1 big thing: Trump's all-or-nothing gamble
The Trump administration's new legal argument against the Affordable Care Act is a political risk. It may also be a liability in court.
How it works: The legal issue here is "severability" — if the ACA's individual mandate is unconstitutional, can it be struck down in isolation? Or is it too intertwined with other parts of the law?
Flashback: We've seen this movie before — in 2012, at the Supreme Court.
- According to behind-the-scenes reporting from the 2012 ACA case, four conservative justices wanted to strike down the entire law. Chief Justice John Roberts reportedly wanted to strike down the mandate and protections for pre-existing conditions while leaving the rest intact.
- But the other conservatives wouldn't budge, and faced with a choice between upholding or striking down the whole thing, Roberts chose the former.
The Justice Department has now forced that same all-or-nothing decision into the case now pending before the 5th Circuit Court of Appeals.
"There's no way they were getting Roberts' vote anyway … but this won't help," said Jonathan Adler, a law professor at Case Western Reserve University who helped spearhead a different challenge to the ACA.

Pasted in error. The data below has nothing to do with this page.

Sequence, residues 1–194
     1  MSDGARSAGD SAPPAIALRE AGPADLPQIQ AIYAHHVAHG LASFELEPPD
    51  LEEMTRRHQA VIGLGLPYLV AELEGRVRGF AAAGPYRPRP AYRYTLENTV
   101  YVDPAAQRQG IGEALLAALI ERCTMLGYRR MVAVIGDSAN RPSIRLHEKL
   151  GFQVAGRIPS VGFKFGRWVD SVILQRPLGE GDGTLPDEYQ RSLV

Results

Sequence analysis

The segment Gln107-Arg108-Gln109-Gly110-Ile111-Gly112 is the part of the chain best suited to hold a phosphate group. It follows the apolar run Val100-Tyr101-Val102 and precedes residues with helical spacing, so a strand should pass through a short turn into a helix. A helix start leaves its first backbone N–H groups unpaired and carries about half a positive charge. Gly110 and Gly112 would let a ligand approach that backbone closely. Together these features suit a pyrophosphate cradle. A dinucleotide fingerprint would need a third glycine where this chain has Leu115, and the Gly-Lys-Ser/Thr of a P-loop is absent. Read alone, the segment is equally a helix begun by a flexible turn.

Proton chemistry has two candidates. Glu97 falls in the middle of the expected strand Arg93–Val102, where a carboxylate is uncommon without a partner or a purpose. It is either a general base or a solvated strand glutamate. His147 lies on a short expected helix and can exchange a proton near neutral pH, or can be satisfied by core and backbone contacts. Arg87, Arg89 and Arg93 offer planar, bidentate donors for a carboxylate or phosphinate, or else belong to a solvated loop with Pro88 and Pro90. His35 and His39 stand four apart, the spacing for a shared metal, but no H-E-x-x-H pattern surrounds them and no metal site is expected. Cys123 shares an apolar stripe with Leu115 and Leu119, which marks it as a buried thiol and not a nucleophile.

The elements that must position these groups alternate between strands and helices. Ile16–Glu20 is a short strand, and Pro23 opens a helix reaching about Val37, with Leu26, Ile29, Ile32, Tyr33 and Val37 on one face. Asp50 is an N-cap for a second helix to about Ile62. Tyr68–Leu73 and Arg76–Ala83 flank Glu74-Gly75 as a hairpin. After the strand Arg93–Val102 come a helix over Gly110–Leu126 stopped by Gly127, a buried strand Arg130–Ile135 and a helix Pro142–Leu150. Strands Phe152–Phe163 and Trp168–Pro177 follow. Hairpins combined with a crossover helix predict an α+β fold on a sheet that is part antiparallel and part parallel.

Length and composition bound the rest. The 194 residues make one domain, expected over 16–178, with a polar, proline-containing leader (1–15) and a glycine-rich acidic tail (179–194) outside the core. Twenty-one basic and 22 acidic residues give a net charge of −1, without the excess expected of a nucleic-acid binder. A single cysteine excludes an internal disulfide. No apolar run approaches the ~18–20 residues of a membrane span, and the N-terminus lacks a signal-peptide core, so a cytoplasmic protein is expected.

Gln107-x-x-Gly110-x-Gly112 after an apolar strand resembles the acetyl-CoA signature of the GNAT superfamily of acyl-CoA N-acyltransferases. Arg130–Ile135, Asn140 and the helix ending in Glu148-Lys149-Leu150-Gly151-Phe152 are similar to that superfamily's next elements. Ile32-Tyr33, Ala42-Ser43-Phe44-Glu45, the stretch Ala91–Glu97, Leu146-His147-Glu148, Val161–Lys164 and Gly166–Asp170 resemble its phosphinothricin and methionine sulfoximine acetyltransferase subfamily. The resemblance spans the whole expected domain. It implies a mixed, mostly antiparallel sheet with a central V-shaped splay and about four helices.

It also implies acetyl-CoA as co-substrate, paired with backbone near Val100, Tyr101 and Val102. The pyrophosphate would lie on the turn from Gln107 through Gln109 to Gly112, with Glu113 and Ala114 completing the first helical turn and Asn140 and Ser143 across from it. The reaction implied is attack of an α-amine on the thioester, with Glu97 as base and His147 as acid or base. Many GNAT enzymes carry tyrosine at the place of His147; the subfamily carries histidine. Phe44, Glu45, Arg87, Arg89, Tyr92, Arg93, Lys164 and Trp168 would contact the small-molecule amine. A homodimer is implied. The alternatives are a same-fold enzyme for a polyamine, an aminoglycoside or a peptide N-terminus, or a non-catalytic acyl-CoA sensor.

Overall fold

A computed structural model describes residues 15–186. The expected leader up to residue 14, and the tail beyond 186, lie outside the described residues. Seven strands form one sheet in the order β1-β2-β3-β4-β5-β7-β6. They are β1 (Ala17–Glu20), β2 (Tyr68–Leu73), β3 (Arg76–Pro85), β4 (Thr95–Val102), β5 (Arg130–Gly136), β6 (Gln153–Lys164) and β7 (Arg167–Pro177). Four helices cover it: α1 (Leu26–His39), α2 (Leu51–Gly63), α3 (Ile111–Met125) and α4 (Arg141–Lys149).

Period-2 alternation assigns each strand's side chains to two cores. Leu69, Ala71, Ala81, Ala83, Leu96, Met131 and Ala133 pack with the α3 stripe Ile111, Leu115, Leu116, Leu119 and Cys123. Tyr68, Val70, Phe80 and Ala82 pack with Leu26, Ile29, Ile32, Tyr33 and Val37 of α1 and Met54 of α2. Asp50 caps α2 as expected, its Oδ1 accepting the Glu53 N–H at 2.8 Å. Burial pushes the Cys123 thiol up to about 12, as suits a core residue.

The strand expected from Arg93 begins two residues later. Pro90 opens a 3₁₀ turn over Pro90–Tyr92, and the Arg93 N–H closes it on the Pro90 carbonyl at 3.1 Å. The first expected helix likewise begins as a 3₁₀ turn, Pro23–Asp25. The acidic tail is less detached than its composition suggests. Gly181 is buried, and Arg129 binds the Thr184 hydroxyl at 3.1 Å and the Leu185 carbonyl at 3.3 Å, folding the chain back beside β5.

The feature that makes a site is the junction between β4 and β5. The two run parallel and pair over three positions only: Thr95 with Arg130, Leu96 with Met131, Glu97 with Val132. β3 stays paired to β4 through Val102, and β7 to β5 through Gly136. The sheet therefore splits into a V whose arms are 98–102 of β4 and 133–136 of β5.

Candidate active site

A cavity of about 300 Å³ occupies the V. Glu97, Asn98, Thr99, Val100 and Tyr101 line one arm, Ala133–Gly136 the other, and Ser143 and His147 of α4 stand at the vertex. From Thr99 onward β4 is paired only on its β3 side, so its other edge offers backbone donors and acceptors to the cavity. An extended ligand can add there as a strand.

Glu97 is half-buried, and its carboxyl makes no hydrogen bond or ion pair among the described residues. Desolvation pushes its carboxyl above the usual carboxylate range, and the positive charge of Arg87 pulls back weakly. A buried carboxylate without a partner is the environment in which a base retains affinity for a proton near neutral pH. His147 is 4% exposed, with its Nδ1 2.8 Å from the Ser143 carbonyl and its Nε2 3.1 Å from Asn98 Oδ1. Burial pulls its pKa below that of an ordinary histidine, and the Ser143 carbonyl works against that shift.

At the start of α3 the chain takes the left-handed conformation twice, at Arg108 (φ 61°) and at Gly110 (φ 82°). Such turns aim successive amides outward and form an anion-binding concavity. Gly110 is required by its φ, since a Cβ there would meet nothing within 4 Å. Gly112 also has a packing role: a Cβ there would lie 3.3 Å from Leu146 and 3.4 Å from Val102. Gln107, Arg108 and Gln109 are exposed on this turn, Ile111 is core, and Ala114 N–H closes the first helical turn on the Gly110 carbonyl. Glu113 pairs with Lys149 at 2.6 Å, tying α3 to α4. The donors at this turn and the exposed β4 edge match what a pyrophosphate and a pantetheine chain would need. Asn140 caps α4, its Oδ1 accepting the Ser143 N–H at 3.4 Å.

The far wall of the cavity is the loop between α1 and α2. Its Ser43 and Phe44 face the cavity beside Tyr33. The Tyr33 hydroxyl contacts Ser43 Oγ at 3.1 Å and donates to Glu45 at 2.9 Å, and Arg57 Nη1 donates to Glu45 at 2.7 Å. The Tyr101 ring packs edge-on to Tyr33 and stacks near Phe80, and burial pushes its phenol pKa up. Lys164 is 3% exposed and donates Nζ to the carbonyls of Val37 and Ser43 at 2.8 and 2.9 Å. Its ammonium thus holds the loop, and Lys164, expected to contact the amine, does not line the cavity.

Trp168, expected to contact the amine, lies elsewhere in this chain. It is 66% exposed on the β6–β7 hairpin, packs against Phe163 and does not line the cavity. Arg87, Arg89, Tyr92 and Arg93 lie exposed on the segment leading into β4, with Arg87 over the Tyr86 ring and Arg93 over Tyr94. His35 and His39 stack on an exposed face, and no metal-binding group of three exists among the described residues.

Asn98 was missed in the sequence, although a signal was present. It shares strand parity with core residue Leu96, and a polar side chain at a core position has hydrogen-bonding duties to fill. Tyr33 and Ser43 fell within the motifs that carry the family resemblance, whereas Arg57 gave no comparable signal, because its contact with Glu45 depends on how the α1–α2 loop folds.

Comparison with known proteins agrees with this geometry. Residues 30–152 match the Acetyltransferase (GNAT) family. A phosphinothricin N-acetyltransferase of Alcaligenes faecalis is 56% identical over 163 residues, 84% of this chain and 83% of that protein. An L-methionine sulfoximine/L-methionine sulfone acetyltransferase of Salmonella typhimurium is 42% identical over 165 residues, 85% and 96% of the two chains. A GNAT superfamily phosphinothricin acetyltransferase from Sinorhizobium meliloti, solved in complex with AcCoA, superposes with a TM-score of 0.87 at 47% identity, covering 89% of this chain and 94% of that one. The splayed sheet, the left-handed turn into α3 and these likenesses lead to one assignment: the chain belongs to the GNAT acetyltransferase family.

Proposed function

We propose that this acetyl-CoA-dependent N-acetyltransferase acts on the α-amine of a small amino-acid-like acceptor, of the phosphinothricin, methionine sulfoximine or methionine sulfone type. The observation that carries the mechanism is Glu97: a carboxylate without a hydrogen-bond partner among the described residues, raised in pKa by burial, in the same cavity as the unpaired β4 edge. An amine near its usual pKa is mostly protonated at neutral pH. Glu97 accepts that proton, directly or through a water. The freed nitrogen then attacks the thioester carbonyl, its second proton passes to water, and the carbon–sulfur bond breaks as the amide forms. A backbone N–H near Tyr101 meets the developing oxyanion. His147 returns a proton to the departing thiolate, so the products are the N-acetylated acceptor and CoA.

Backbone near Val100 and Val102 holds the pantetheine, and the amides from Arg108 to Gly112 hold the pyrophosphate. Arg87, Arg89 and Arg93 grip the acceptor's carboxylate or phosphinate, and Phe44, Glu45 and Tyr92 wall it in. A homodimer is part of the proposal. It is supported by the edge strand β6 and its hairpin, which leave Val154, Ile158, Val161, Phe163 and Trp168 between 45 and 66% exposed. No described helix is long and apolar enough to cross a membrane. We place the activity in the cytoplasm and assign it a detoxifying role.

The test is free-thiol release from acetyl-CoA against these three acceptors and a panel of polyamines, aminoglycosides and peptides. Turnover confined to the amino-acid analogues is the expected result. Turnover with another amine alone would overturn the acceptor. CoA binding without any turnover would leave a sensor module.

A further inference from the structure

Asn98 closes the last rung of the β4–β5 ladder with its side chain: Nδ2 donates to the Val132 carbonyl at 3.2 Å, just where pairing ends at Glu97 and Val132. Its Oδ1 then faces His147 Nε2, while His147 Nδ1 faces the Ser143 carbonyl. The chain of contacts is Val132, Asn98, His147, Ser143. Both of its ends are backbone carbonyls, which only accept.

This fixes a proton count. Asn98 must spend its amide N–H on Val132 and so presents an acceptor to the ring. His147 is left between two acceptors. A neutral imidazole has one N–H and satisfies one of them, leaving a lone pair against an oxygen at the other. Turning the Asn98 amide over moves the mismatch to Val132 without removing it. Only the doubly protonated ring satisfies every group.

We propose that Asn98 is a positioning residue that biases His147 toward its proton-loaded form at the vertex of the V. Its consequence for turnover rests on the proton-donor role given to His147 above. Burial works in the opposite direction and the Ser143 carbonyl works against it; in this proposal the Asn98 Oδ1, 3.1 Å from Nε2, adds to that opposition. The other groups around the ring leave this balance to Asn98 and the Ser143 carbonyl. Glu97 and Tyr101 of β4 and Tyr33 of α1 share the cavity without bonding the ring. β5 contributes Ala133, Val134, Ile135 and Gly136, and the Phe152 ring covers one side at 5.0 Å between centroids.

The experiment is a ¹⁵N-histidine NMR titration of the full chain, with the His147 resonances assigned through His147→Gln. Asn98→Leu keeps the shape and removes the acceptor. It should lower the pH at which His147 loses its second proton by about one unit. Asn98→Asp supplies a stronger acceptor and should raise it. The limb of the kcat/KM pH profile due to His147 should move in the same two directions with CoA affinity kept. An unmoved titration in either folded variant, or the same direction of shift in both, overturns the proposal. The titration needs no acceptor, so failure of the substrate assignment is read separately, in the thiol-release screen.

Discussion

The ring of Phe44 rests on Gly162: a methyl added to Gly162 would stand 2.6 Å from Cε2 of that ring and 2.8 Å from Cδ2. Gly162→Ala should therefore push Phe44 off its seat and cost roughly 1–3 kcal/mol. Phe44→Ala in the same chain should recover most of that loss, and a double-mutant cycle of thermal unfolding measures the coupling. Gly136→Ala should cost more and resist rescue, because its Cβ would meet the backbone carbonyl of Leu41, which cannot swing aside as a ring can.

- "It's contrary to everything he’s ever said and done on severability," Adler argues.
It may not get that far. "I think the states ultimately lose," Adler said. "I think the most likely outcome is they lose in the 5th Circuit. If they don't lose at the 5th Circuit, they will lose at the Supreme Court."
If that's what happens, adopting this riskier legal strategy may ultimately be the only thing that saves Republicans from the political nightmare of wiping out 20 million people's health care coverage with no strategy on how to replace it.
- I'll spare you a long list of quotes from President Trump's trip to Capitol Hill yesterday. Suffice it to say that no, Republicans still do not have a plan for what happens next if they finally succeed in killing the ACA. Some things never change.
2. Why Purdue's opioids settlement matters